The first step is to obtain your app icon image assets. These must be .png files and you will need 2x and 3x resolutions. An important thing to consider is that you want all the proper icon sizes available so that when the icon changes it is consistent across settings, spotlight, notifications, etc.

Unfortunately, these cannot be placed in a xcassets file, however, they must be packaged in the main bundle. The source code for this post can be found here.

The next step is to configure the Info.plist file. Review the documentation for the plist file carefully. In the provided code, the plist file contains the CFBundleIcons dictionary configured as show below:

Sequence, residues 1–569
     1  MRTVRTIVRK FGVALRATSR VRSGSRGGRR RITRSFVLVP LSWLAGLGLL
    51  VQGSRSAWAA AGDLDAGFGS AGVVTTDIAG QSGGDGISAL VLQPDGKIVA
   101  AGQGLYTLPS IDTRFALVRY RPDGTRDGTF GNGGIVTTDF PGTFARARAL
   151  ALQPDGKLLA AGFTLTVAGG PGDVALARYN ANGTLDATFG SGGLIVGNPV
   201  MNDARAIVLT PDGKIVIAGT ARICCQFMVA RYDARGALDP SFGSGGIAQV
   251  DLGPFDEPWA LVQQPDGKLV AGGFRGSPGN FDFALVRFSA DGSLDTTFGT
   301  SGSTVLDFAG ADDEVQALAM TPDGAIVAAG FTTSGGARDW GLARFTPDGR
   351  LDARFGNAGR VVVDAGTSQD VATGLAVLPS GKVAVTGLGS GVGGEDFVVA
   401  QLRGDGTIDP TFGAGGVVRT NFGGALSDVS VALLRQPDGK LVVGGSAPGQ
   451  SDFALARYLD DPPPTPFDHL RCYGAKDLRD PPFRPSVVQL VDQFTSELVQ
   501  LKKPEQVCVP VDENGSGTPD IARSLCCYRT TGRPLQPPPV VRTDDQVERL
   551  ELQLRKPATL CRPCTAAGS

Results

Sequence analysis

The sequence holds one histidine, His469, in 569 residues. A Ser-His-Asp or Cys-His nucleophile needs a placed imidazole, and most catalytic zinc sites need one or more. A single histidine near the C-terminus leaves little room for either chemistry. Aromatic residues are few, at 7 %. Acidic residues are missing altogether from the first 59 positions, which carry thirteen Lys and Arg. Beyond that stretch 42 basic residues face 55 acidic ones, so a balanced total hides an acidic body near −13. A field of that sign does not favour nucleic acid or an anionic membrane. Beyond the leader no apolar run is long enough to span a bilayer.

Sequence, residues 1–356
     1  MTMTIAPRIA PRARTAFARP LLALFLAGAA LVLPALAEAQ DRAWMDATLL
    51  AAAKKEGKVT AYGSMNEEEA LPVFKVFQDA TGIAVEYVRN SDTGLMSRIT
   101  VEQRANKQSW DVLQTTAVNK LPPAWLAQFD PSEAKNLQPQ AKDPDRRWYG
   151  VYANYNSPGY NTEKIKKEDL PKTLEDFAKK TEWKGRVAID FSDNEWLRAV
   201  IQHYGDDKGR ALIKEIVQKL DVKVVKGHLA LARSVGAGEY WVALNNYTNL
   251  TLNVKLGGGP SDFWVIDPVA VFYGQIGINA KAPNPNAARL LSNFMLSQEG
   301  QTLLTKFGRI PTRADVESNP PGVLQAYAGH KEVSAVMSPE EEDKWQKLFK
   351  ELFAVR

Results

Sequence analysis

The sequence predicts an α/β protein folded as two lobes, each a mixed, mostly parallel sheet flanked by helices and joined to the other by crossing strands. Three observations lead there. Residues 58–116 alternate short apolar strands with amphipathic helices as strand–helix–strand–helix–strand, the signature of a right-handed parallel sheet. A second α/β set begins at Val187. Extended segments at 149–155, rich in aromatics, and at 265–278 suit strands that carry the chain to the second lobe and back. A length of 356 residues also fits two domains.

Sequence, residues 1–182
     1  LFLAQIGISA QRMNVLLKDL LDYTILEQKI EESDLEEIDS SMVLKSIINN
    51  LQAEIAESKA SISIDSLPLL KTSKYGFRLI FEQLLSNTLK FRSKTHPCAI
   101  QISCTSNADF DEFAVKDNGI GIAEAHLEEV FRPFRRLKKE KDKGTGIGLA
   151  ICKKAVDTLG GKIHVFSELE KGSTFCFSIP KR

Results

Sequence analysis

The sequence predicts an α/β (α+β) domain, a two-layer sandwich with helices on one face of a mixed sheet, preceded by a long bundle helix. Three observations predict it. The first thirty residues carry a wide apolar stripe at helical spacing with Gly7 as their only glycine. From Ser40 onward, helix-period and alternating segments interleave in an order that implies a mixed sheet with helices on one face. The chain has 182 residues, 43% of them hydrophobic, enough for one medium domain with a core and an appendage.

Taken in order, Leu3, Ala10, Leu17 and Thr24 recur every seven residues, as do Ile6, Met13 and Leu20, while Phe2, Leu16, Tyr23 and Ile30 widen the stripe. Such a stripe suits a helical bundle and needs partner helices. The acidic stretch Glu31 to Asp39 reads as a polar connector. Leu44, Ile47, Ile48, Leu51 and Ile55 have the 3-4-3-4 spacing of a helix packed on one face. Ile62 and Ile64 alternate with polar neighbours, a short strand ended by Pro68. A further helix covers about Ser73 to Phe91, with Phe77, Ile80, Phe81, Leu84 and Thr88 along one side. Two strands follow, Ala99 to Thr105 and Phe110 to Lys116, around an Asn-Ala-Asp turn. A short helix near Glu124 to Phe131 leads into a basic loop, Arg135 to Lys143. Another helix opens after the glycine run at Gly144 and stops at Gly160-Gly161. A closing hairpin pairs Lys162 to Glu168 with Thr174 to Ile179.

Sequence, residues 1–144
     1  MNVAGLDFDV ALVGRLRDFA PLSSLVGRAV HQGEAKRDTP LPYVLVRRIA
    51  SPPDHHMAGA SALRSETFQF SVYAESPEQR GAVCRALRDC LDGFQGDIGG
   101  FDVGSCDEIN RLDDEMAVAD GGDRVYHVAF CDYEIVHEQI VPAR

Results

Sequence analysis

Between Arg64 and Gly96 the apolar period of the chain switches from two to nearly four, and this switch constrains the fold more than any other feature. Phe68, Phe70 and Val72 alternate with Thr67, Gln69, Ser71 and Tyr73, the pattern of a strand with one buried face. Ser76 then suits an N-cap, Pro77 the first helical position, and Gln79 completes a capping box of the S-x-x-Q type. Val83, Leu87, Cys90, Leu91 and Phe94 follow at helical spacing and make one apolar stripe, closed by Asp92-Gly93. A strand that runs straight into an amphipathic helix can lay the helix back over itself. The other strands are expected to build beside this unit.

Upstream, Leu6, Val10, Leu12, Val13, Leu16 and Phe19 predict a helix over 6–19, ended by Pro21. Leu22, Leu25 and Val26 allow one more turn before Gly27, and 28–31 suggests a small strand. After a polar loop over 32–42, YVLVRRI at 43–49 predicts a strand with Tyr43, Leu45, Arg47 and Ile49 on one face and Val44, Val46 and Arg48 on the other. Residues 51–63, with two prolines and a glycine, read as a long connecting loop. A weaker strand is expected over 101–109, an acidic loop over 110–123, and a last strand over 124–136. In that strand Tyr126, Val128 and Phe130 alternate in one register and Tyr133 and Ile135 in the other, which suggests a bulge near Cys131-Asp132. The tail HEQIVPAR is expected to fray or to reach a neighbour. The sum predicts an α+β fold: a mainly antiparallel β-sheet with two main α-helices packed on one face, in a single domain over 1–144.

Screen Shot 2017-07-13 at 9.19.42 AM

In the CFBundleAlternateIcons dictionary, the key represents the string that will be used when making the API call to change the app icon.  You will see these used in the code samples later in this post.  The value is an array of CFBundleIconFiles.  In our case, its an array of one item, with the relative path to the filename (without extension and size modifier).  If you like to keep your files organized in both Xcode and the filesystem like me, you’ll want to store your icons in a sub folder within your project, so it’s important to specify the relative path, otherwise you’ll get a runtime error when trying to change icons.

Now on to the code.  The API docs can be found here:  The APIs are pretty basic.  Ideally you want to check if the app can change the app icon with something like the following: